Builder confidence in the United States increased for the eighth month in a row in December. It also reached its highest level in more than six years. The index compiled by the National Association of Home Builders and Wells Fargo & Co. had a reading of 47, which is the highest since April 2006.
The reading was still below the heady readings from the 60s and 70s during the housing bubble. A reading under 50 is an indication that more builders still have a negative outlook than positive. But the trade association said that the signs were encouraging.
The reading of 47 is a 2 point gain from the revised November reading. One thing that is holding back potential home sales is the difficulty that families have in getting qualified for a mortgage because of the strict lending standards.
The monthly survey released by NAHB has been conducted for the past 25 years. The NAHB/Wells Fargo Housing Market Index measures the builder perceptions of single family home sales today as well as the sales expectations for the next six months as poor, fair or good.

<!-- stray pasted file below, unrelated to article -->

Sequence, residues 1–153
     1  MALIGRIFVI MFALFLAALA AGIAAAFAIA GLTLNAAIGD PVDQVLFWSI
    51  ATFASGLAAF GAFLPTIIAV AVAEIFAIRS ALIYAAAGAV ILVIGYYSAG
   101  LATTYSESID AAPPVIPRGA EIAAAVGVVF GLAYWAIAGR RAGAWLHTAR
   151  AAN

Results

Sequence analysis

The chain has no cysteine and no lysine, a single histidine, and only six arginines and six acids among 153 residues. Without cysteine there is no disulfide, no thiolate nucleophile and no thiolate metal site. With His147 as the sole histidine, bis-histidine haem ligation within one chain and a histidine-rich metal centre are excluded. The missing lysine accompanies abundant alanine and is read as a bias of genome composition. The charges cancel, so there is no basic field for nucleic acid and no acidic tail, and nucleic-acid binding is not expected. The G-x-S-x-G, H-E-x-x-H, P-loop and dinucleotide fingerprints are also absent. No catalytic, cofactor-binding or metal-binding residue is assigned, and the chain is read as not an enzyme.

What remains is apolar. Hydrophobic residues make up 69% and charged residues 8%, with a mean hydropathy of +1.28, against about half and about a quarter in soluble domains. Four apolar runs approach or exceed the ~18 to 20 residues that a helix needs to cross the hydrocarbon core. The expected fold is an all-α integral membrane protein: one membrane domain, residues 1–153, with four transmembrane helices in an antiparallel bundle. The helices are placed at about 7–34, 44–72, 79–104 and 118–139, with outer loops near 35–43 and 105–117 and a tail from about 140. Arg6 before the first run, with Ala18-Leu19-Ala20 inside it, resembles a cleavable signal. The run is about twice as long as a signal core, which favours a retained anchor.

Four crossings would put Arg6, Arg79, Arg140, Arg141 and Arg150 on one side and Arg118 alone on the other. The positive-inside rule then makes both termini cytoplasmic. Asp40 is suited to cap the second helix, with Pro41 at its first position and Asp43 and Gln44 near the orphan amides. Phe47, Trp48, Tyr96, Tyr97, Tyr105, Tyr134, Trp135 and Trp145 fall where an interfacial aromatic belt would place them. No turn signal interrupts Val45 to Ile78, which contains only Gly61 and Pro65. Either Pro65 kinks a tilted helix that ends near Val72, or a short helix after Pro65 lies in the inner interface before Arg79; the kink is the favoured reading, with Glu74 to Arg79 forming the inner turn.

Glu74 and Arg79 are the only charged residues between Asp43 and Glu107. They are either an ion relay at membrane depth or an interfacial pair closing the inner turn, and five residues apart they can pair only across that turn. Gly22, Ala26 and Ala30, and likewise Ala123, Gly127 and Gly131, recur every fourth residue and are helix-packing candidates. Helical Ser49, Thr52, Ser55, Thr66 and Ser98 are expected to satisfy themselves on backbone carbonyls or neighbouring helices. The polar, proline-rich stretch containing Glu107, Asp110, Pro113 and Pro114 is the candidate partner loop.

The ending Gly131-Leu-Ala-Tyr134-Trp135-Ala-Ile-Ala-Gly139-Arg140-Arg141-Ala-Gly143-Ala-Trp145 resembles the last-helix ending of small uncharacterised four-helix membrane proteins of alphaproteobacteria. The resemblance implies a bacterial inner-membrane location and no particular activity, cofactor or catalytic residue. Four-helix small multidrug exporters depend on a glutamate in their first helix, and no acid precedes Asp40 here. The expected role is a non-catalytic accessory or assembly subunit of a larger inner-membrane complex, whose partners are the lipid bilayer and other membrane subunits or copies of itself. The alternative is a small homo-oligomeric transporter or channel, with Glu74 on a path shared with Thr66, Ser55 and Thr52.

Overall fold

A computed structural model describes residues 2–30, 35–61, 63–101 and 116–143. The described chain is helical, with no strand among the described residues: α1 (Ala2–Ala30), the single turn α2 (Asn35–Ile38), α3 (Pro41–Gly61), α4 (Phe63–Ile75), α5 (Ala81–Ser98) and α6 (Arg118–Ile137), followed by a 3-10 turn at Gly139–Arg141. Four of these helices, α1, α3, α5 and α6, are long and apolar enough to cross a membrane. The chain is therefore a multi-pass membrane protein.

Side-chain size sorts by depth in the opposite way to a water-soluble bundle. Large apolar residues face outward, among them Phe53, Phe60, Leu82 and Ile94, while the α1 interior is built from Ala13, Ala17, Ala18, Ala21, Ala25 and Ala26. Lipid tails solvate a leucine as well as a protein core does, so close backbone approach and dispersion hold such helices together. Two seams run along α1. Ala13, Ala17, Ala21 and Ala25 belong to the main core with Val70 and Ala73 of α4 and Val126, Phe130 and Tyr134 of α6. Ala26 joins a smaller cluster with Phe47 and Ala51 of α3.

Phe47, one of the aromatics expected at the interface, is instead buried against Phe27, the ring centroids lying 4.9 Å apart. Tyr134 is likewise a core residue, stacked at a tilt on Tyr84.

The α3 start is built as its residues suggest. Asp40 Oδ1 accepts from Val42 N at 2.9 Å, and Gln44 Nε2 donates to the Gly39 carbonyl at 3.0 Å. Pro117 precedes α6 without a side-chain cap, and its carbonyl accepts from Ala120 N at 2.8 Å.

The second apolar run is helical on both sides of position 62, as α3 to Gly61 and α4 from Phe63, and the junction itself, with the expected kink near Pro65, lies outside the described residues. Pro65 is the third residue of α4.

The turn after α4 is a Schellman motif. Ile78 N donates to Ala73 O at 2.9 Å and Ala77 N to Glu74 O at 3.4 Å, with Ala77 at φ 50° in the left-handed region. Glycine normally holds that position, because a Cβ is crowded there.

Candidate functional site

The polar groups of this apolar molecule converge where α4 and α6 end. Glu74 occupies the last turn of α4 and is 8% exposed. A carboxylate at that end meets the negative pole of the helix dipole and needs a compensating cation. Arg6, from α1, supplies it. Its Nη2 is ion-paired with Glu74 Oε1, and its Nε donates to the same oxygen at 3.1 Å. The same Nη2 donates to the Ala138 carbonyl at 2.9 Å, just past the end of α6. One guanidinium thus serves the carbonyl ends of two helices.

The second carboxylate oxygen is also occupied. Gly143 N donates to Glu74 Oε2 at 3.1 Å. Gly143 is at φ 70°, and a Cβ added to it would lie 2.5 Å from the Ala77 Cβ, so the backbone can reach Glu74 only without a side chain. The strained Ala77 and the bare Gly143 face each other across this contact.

The survey asks builders to rate the number of prospective buyers as low to very low, average, or high to very high. Scores from the various factors are then used to come up with a seasonally adjusted index. A reading above 50 shows that more builders view sales conditions as good than poor.
According to NAHB Chairman Barry Rutenberg, a homebuilder from Gainesville, Florida, builders across the nation had the best sales condition in more than five years. They encounter more serious buyers at present and the number of vacant and foreclosed properties on the market went down.
Builders said that the biggest problem that the industry is facing right now is the strict lending standards governing the sector. It was the opposite of the easy-money practices that resulted to the mortgage and housing collapse.